[...]

In order to guarantee that the nonvoting slaves could nevertheless influence the presidential election, Madison favored the creation of the electoral college. Hugh Williamson of North Carolina was more open about the reasons for southern opposition to a popular election of the president. He noted that under a direct election of the president, Virginia would not be able to elect her leaders president because “her slaves will have no suffrage.” The same of course would be true for the rest of the South.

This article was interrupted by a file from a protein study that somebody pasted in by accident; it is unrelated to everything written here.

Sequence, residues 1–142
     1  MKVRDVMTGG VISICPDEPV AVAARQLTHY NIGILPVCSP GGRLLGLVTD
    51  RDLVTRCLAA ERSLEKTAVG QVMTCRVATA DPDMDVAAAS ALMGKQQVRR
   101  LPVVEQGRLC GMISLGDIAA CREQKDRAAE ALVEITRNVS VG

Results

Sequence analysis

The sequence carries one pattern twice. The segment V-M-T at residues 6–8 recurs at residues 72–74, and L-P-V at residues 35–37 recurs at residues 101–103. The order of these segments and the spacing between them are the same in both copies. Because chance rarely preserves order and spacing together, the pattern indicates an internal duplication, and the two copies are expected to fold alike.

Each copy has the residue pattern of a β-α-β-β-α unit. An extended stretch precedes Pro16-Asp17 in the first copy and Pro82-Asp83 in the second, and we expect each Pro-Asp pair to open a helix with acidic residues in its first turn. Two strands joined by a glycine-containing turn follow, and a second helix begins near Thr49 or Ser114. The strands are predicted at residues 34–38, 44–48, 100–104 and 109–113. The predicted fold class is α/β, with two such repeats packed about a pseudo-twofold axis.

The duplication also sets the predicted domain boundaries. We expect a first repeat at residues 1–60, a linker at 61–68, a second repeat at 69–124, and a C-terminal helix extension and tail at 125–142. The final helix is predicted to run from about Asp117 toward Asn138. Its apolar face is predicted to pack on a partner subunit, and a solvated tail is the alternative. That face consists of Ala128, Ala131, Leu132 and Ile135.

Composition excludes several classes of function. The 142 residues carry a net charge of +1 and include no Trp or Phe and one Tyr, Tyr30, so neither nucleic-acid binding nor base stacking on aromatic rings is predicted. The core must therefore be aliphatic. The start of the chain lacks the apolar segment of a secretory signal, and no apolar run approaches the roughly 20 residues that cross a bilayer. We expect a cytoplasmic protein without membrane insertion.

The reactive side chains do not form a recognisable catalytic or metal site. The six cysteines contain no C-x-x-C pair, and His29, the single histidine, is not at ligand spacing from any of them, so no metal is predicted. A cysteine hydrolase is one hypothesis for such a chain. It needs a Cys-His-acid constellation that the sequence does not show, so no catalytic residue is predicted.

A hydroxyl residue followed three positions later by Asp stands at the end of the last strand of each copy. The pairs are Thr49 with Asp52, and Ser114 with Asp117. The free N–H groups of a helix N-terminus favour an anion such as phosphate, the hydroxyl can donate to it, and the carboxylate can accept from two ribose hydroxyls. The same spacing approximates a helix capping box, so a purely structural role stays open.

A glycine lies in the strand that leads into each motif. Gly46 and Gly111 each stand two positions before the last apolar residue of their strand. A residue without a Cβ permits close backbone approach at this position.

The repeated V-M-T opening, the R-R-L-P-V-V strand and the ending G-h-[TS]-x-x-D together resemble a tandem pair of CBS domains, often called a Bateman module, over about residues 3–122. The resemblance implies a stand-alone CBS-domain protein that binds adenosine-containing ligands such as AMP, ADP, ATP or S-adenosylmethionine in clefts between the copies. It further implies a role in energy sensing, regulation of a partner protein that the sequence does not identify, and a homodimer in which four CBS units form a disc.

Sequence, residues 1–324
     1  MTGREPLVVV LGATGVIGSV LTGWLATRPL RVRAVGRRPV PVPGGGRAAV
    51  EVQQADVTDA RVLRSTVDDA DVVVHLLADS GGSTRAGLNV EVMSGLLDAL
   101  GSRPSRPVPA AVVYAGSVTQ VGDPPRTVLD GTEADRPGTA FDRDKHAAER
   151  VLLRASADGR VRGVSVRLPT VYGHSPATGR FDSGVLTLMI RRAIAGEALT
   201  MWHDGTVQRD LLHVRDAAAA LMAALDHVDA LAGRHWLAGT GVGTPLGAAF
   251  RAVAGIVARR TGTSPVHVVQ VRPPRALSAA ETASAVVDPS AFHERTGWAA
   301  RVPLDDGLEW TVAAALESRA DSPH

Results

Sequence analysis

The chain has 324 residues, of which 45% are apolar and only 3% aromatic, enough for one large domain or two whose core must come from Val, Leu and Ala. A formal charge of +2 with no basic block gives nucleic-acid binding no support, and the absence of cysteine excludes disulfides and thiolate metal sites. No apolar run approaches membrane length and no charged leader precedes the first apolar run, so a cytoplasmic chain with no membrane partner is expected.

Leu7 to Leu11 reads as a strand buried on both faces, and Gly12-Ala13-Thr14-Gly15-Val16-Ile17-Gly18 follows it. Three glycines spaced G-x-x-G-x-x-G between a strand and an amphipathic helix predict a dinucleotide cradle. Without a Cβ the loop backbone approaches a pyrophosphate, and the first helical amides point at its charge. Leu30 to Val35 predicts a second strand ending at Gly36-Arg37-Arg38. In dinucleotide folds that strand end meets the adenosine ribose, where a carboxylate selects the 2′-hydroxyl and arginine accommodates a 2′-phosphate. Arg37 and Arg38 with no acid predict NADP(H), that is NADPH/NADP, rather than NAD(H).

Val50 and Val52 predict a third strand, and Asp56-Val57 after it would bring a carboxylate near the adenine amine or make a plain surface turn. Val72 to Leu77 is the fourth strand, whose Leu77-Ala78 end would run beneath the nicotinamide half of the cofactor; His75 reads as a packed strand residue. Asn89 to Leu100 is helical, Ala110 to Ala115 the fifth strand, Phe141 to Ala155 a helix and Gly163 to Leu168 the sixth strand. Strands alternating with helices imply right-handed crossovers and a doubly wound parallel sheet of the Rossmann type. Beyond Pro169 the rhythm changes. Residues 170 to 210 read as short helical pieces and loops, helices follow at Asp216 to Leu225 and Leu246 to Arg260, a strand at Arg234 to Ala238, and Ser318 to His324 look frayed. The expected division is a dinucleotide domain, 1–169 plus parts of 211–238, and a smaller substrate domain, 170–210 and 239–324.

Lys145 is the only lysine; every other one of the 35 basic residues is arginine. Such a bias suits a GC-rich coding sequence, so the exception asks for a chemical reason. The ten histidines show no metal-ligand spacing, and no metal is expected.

The Convention quickly moved to accept the idea of an electoral college, following the lead of Ellsworth, from the North, and Madison and Williamson, from the South. This sectional balance is revealing. Ellsworth almost always voted with the South on slavery-related matters, and the agreement here seems part of the same New England-Deep South coalition that led to the Slave Trade clause. The Convention tied presidential electors to representation in Congress. By this time the Convention had already agreed to count slaves for representation under the three-fifths compromise, counting five slaves as equal to three free people in order to increase the South’s representation in Congress. Thus, in electing the president the political power southerners gained from owning slaves (although obviously not the votes of slaves) would be factored into the electoral votes of each state. Paul Finkelman, “The Proslavery Origins of the Electoral College,” 23 Cardozo L. Rev. 1145.